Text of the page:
The Joplin Globe, Joplin, MO

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October 21, 2012

Sites used as Jasper County voting places back in service after tornado

JOPLIN, Mo. — Two more Jasper County polling places that were blown away in the May 22, 2011, tornado will reopen for voters on Nov. 6.

The two polling places returning to the fold are St. Paul’s United Methodist Church, 2423 W. 26th St., and the Joplin Housing Authority, 1834 W. 24th St.

The Jasper County clerk’s office had to make a raft of changes after the tornado — even holding one Joplin election at Northpark Mall — because so many buildings that had served as polling places were destroyed or damaged in the storm.

“I think these changes will take us back to pre-tornado; it’s a relief,” Bonnie Earl, Jasper County clerk, said Friday.

The storm also played havoc with voter rolls because many voters had to relocate. New voter identification cards were mailed out in July, but about 10,000 were returned to the clerk’s office because the addresses on them were no longer valid. Election officials said many of the cards that were returned had been sent to residents in Joplin and Duquesne who moved but had not notified election officials of address changes.

Earl said she thinks workers in her offices have handled at least 10,000 address changes since early September. The clerk’s office sends new voter cards to those who have changed their addresses and to voters whose polling places have changed, such as the two in Joplin. Voters in the Joplin 15 and Central City precincts will return to St. Paul’s United Methodist Church, and voters in the Joplin 13 Precinct will vote at the Joplin Housing Authority.

Another weather-related change will move voters in the Monitor Precinct back to their regular voting place — Brooklyn Heights town hall, 529 County Road 180. The town hall had no air conditioning, so voting in the August primary election was held at Pleasant Valley Elementary School.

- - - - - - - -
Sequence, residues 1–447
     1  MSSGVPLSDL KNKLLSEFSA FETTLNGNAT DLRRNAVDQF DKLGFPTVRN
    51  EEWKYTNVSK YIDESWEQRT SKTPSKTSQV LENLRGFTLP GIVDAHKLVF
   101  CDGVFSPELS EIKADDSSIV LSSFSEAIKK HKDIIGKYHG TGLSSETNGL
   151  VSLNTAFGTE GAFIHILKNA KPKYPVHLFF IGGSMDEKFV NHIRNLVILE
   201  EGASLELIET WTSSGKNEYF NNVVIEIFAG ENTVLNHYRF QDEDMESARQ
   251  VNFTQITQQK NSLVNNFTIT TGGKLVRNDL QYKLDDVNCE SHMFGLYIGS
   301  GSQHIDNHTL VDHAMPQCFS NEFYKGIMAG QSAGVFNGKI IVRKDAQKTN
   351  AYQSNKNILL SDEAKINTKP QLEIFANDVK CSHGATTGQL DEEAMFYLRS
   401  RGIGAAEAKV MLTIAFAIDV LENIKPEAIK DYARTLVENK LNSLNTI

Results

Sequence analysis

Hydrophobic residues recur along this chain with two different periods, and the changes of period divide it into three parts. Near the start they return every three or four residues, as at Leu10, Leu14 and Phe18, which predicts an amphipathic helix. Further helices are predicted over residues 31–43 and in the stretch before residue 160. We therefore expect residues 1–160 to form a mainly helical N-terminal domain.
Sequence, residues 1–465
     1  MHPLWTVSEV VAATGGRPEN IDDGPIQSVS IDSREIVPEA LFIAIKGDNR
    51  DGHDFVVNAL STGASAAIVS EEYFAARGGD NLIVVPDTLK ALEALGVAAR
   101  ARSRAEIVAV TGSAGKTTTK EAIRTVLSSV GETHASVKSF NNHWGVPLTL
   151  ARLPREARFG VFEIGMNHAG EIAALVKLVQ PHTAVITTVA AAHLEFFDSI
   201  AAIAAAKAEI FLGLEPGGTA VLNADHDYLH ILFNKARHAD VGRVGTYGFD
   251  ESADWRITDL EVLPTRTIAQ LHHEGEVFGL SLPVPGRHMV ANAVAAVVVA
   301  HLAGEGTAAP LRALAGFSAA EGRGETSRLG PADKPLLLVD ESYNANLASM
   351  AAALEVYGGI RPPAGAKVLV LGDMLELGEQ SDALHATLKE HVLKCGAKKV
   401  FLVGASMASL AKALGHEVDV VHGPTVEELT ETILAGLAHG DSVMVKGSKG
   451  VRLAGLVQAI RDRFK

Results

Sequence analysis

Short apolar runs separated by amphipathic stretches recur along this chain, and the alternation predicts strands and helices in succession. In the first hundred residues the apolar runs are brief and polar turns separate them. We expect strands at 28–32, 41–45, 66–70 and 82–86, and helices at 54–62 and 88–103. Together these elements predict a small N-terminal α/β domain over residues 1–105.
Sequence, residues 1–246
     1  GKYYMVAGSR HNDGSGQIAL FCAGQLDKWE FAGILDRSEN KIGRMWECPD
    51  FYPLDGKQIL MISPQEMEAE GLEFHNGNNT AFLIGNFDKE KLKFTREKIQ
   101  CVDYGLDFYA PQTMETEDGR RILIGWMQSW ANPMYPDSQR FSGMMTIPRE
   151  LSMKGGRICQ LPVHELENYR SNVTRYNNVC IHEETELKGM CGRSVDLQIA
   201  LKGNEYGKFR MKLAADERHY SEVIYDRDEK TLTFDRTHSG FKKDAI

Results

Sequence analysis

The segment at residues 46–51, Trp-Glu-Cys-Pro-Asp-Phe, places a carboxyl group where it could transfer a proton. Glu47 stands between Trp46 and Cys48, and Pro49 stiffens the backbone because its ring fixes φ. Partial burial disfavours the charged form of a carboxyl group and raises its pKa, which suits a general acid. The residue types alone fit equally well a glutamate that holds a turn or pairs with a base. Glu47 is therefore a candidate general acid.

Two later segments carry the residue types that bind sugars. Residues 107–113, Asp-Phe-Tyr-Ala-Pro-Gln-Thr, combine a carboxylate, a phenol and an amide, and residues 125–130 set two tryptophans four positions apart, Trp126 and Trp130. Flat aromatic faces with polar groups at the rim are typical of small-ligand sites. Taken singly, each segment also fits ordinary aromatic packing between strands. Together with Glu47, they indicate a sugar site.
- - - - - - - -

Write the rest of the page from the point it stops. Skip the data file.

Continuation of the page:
Earl said she hopes voters will take some time leading up to the election to study choices on the ballot, including the four state questions for Missouri residents.

“There are going to be long lines at the polls on Election Day,” she said. “If people wait until they get to the polls and try to read the questions and decide how to vote, it’s going to slow things down even more.”

Questions on the ballot deal with the selection of Missouri Supreme Court and appeals court judges, control of the St. Louis city police force, a proposed tobacco tax increase to generate funds for health and education, and a measure that would prohibit the state from establishing state-based health insurance exchanges unless they were authorized by a vote of the people.

“I hope people will go to the secretary of state’s website,” Earl said. “They can read the full text of the issue or the fair ballot version that’s a lot shorter and simpler.”

Sample ballots

Jasper County Clerk Bonnie Earl said copies of sample ballots are available at the elections offices on the main floor of the Carthage courthouse and on the second floor of the Jasper County Courts Building at Sixth Street and Pearl Avenue in Joplin.

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